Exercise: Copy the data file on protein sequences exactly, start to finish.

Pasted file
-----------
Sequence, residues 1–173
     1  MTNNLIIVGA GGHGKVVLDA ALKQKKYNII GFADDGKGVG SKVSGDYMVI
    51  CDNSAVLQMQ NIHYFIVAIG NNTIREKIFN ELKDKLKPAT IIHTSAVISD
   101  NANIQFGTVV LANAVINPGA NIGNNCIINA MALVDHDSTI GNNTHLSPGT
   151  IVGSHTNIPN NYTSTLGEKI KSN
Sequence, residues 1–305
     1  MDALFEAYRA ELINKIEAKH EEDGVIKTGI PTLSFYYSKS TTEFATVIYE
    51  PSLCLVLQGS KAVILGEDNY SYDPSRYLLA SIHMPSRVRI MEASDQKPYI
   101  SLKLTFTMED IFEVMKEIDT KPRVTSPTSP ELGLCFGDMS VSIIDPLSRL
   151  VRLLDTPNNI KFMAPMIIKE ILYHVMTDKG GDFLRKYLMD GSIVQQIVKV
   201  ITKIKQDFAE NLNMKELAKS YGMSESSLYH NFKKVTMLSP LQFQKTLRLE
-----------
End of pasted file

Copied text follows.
Sequence, residues 1–173
     1  MTNNLIIVGA GGHGKVVLDA ALKQKKYNII GFADDGKGVG SKVSGDYMVI
    51  CDNSAVLQMQ NIHYFIVAIG NNTIREKIFN ELKDKLKPAT IIHTSAVISD
   101  NANIQFGTVV LANAVINPGA NIGNNCIINA MALVDHDSTI GNNTHLSPGT
   151  IVGSHTNIPN NYTSTLGEKI KSN
Sequence, residues 1–305
     1  MDALFEAYRA ELINKIEAKH EEDGVIKTGI PTLSFYYSKS TTEFATVIYE
    51  PSLCLVLQGS KAVILGEDNY SYDPSRYLLA SIHMPSRVRI MEASDQKPYI
   101  SLKLTFTMED IFEVMKEIDT KPRVTSPTSP ELGLCFGDMS VSIIDPLSRL
   151  VRLLDTPNNI KFMAPMIIKE ILYHVMTDKG GDFLRKYLMD GSIVQQIVKV
   201  ITKIKQDFAE NLNMKELAKS YGMSESSLYH NFKKVTMLSP LQFQKTLRLE